In Anthony Tomei’s brilliant piece on ‘Changing roles in a changing world’ in the June issue of Alliance, he makes the point, among others, that given the defining characteristic of foundations – their independence – their role in partnerships should not consist merely of acquiescing and writing cheques. Rather, they should aim to be bolder and to ensure that civil society holds governments to account. While this accountability is perhaps needed in both emerging and established economies now more than ever, Tomei rightly points out that as NGO budgets continue to diminish and state funding becomes a crutch, it is increasingly difficult for NGOs to perform this vital function.
Foundations must therefore be more willing to engage seriously with other civil society actors to ensure that robust post-austerity partnerships are more able to speak truth to power. For our sector, the need to take on this challenging and questioning role could likely be the most significant single consequence of the global financial crisis. If we cannot emerge from this crisis with a clear commitment to a more coherent and discernible civil society presence in policymaking, we will be failing in our custodial responsibilities.
Another defining characteristic of foundations should, in my view, be ‘experimental’. I wish more foundations would see it as their duty – exactly because of their independence – to more confidently and creatively challenge, change and improve the world around them. But it is important to remember that foundation resources are finite, and the difference in scale between withdrawing state funding and potential funding from the entire philanthropic sector, even if it were to be combined, is like comparing a sea to a swimming pool. Too often this fact is forgotten, overlooked or even arrogantly ignored.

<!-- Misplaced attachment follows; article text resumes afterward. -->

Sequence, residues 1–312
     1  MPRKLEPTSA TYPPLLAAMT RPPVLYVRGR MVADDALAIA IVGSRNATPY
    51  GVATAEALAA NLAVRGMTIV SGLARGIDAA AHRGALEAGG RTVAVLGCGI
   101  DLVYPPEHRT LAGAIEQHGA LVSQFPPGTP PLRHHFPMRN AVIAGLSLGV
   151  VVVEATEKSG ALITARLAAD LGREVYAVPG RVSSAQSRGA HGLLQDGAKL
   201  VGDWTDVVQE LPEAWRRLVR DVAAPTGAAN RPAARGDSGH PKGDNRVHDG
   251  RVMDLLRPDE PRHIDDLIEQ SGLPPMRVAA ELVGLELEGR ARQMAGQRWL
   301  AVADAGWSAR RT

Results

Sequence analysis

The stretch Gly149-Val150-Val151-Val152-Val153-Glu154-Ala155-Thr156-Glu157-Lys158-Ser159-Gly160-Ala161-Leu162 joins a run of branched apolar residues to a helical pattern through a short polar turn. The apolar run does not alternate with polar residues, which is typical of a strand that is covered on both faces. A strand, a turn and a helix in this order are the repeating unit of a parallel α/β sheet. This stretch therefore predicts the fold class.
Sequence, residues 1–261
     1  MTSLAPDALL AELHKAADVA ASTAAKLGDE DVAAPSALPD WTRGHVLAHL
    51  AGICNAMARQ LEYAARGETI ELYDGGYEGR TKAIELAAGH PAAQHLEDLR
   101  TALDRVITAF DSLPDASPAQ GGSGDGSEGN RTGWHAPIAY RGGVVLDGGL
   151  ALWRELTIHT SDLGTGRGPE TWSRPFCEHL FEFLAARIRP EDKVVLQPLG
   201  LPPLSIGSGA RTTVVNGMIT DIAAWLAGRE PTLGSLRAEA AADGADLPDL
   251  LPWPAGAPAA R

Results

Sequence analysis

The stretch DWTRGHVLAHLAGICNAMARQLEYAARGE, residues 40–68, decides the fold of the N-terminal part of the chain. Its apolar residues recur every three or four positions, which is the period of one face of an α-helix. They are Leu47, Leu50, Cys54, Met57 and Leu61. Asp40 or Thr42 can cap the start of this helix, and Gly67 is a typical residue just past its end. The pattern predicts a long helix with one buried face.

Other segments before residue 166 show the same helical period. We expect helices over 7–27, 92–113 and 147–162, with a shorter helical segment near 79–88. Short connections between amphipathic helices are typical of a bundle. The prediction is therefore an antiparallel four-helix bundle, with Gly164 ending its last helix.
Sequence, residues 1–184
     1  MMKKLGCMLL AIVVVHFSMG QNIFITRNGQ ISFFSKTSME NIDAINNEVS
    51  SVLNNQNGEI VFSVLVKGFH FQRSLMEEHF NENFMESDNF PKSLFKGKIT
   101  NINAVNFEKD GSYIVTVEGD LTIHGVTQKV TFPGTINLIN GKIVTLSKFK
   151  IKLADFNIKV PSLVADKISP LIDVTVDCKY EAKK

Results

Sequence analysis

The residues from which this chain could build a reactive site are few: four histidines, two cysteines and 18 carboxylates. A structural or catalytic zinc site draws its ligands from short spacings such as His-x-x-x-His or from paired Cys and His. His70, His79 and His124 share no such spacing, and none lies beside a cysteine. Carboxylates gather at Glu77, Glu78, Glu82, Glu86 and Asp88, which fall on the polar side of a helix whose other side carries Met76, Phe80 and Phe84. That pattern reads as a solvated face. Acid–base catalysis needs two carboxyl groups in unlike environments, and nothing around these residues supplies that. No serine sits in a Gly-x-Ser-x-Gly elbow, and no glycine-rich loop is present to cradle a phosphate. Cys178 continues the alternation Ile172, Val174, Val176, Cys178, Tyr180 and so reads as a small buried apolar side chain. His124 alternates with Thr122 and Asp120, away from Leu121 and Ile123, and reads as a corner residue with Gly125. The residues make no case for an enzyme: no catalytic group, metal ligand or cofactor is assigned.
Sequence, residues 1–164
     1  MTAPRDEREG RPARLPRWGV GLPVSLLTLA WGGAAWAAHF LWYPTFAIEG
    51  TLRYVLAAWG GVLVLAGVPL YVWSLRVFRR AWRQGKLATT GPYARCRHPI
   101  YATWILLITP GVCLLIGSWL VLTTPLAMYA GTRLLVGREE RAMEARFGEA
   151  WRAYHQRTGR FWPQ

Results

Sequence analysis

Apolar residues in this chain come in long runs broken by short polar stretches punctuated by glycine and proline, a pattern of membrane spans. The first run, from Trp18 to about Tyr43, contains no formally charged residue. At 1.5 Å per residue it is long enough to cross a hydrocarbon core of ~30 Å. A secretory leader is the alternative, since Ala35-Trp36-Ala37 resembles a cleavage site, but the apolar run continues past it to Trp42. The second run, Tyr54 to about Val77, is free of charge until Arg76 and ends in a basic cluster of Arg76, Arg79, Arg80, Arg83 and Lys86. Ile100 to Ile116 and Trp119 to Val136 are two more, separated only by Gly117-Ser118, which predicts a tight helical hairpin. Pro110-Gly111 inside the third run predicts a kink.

Sometimes while swimming in a pool it may feel like a huge amount of water, but it is important to keep perspective. I felt it unfortunate, therefore, that Tomei’s piece ended with a reference to the ‘deep pockets’ of foundations and the need for our partners to look beyond these. Foundations’ pockets, alas, are very shallow and will, moreover, likely continue to be used in an uncoordinated fashion. Foundations need to remain independent, and by all means they should be prudent with their pool water, but at the same time they must become more comfortable in partnerships, and guard this independence less jealously.
I hope foundations can adapt and occupy this avant-garde space more confidently because, returning to the swimming pool and relying on a familiar Bob Dylan quote: ‘You better start swimmin’ or you’ll sink like a stone for the times they are a-changin’.’
Chief executive, European Foundation Centre